Another bonus of the Monzen Nakacho neighborhood is that the entire area is a latticework of canals: the “Venice of Tokyo” some people say. Most of these canals are also lined with sakura trees, and during the two weekend they’re blooming, you can find a very charming and authentic matsuri (festival) with mostly local visitors. Consider an east Tokyo cherry blossom day during hanami season.

  • Nearest Stations: Monzen Nakacho & Tsukishima

Kasai Rinkai Park

On the eastern edge of the city near Tokyo Disneyland, Kasai Rinkai park hugs the shore of Tokyo Bay. You’ll find plenty of space to stretch out here. There’s also a Ferris wheel, a kiddy train and many playgrounds to keep little ones occupied. If the weather hasn’t turned warm yet, wind off the bay can make it feel even chillier.

The Tokyo Sea Life Park is located here as well and can be a nice diversion or place to warm up if the wind picks up.

  • Nearest Station: Kasai Rinkai Koen

Arisugawa Park

This is a great spot for hanami for a number of reasons. Firstly, this is a beautiful park with plenty of paths and hills for kids (and adults) to run free on. Secondly, the nearby National Azabu supermarket has all the imported drinks and snacks you may crave for your picnic.

Finally, since the park is in the Hiroo neighborhood, you’ve got lots of nice dinner options once the sun goes down. If that’s not enough, the restaurants and museums of the Roppongi neighborhood are minutes away, as well. Keep in mind that Arisugawa Park has a lot of stairs and rocky paths, so strollers beware. Taking the sidewalk around to the east side might work better.

  • Nearest Station: Hiroo

Aoyama Cemetery

Yes, I’m telling you to go walk around a cemetery, but hey, it’s a beautiful one. This is another picnic-on-concrete situation. Therefore, I usually prefer a walk-through as opposed to a sit-down affair. That said, both are possible in the right place and with the right attitude. Don’t worry: you won’t be the only one who’s having a picnic there. A beautiful Tokyo cherry blossom experience.

  • Nearest Stations: Gaienmae, Aoyama-Itchome

Nakameguro River

Nakameguro is a cool neighborhood with hip shops, cafes, and restaurants. When the cherry blossoms are in bloom, a lot of the establishments along the riverside sell food and drinks on the sidewalk. Beautiful night or day, I especially recommend a stroll through after dark when the trees are lit. One of the best places for cherry blossoms in Tokyo after dark.

  • Nearest Station: Nakameguro

Shinjuku Gyoen

This is the most beautiful park in the city, and so naturally it’s a popular place to watch the pink petals fall. It’s wide, spacious and impeccably clean. You can even get away without using a ground cloth in some areas. If the weather still chilly, then step into the garden’s impressive greenhouse and warm up.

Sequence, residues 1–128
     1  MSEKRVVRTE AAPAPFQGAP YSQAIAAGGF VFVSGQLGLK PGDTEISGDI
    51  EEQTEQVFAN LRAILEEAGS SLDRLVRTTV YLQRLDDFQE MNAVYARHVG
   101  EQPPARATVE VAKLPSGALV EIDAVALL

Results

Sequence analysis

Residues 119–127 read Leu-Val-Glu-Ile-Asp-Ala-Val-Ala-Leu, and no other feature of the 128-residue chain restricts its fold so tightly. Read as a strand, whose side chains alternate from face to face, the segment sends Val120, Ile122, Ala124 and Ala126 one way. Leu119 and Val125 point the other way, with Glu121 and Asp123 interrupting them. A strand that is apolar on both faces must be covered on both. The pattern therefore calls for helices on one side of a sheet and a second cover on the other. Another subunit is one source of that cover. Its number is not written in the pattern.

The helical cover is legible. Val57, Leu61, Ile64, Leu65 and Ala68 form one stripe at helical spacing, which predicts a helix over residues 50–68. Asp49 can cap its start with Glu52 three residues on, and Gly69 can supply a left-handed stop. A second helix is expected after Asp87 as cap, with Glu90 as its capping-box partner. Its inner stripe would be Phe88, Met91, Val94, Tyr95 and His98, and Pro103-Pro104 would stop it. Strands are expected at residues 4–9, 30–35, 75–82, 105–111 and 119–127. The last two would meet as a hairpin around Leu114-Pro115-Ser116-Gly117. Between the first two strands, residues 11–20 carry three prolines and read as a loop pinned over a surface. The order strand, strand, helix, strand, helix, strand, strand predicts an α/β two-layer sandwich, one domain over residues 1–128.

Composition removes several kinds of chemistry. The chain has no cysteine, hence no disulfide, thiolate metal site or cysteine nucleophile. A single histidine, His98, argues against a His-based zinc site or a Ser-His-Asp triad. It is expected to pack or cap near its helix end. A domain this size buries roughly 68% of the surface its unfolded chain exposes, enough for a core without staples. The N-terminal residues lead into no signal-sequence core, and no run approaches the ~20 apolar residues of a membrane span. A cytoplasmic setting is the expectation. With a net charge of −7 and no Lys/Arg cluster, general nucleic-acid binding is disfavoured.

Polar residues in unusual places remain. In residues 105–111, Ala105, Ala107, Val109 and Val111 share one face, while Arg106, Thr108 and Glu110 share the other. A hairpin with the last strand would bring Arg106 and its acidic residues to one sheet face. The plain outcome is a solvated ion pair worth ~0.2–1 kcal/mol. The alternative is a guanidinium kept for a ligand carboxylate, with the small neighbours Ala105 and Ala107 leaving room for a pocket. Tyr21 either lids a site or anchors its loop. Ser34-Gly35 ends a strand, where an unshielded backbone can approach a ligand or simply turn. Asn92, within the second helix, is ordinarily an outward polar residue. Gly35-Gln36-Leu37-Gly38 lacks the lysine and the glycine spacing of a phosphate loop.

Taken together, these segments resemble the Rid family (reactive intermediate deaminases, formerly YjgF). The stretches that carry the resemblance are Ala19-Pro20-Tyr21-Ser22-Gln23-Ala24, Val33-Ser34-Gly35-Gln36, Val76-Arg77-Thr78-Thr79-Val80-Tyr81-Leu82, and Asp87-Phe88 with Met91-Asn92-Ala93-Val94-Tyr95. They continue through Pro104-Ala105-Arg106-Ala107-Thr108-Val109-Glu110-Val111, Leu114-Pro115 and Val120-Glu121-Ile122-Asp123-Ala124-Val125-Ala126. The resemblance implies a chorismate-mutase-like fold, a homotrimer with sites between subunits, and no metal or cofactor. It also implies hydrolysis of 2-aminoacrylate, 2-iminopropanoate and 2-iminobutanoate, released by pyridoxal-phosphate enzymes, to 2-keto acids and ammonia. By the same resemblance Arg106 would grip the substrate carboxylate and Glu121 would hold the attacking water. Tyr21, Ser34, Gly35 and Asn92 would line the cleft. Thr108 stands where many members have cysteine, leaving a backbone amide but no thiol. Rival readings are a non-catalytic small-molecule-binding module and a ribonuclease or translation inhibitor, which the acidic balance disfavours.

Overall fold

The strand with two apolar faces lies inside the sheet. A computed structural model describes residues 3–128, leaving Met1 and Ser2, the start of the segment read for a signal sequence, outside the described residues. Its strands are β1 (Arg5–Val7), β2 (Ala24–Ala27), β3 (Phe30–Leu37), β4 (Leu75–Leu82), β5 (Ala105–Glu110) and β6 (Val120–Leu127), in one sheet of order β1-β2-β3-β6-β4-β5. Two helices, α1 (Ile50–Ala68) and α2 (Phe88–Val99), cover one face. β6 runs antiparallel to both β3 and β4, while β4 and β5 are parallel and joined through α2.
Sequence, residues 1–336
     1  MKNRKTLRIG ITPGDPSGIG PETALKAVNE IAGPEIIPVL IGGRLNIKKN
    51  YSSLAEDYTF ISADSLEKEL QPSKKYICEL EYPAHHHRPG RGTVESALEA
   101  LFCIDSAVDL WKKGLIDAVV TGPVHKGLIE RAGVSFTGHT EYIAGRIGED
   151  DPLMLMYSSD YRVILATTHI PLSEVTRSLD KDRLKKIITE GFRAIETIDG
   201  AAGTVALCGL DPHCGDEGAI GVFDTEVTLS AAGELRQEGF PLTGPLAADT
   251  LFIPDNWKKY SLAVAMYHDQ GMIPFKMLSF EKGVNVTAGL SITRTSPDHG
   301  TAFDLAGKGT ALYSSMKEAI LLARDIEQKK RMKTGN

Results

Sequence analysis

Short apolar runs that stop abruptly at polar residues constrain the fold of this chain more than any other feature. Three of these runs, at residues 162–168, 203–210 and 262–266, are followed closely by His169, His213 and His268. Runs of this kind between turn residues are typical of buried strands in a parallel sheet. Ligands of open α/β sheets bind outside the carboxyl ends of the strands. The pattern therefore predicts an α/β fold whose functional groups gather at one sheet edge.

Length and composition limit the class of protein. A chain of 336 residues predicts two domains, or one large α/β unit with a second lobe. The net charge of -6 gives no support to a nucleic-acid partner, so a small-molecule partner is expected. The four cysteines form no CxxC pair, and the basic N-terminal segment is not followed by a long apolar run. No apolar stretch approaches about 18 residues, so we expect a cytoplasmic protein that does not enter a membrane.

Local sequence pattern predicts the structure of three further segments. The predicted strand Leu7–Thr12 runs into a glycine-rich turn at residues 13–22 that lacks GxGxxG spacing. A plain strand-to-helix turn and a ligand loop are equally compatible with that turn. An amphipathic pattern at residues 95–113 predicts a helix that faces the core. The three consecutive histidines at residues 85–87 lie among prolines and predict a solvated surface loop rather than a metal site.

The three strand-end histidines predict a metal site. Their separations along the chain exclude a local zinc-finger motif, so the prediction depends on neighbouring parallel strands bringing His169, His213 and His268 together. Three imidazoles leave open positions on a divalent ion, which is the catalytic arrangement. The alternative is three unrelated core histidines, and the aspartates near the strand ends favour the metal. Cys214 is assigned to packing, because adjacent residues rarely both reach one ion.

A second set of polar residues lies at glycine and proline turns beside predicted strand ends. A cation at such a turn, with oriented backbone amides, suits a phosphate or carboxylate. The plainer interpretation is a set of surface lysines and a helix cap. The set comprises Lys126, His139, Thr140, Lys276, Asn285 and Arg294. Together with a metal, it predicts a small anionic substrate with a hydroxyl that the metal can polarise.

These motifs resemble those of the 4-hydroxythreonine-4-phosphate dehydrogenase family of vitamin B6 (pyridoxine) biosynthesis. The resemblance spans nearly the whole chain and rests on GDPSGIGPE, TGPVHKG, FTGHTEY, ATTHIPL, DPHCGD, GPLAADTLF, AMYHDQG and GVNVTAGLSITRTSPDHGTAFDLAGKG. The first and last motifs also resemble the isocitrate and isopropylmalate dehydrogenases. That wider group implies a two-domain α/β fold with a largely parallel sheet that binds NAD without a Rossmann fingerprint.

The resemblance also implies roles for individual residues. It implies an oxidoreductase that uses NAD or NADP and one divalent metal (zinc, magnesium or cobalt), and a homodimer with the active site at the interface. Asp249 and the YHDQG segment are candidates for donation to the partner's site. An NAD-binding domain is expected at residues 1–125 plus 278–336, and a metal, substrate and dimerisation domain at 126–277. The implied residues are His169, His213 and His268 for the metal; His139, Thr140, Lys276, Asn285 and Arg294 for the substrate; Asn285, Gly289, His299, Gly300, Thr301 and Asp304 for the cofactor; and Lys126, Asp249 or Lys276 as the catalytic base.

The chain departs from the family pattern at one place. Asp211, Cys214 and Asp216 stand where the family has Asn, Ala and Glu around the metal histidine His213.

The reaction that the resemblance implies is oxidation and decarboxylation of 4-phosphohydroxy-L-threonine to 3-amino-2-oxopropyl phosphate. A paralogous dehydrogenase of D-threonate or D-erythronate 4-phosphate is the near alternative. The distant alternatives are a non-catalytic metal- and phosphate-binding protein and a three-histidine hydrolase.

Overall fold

Some think Shinjuku Gyoen is the best hanami place for families because of its early closing time and restrictions on alcohol. The garden starts announcing closing time at 3:30 pm and everyone is out by 4 pm. You will need to pay a small entrance fee but are allowed to bring your own food and drink to have a picnic there.

As for alcohol, I won’t say that they have zero tolerance. I’ve personally brought in bottles of wine without feeling like a smuggler. They let you pass if your booze is within reason, and you don’t act like a drunkard who could cause trouble. It’s not just me: you’ll see crowds of pensioners sipping wine or sake, as well. Contrast this with parks like Yoyogi Park. Here people haul in crates of beer, ice, and BBQ by the wheelbarrow for a full day of partying.

There’s one final advantage for Shinjuku Gyoen — and it’s the reason you should see the Tokyo cherry blossoms least once here. The garden has multiple cherry blossom varieties. One of them (the yaezakura) usually blooms later than the others, which means that when all the other trees are bare, you can come here for one last hurrah.

  • Nearest Stations: Shinjuku Gyoenmae, Shinjuku, Shinjuku Sanchome, Sendagaya.

Yoyogi Park

This is my personal favorite place to see cherry blossoms in Japan with kids. However, I must admit that it isn’t as wholesome or family-friendly as some of the others mentioned above. Why? Well, this is where lots of students have their parties. Plenty of artsy and alternative types, too. Here you’ll see more people in goofy costumes, and many parties bring their own sound systems as well. There are, of course, many families too. Including mine.

I’ve been going to hanami parties in Yoyogi Park since 2001 when I volunteered to arrive early morning and set up the tarps for the company picnic at my old job. There’s something about the wild, crazy energy here, I just love it. It’s safe, too, but keep in mind that there are a lot of drunk people around. One of them might be me. If you see me there, say hello! I might even remember it.

  • Nearest Stations: Harajuku, Meiji-Jingumae, Yoyogi Koen.
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Photo by Ryosuke Yagi via CC BY

Bring on the Hanami! Where to See Cherry Blossoms in Japan with Kids Hanami sakura unsplash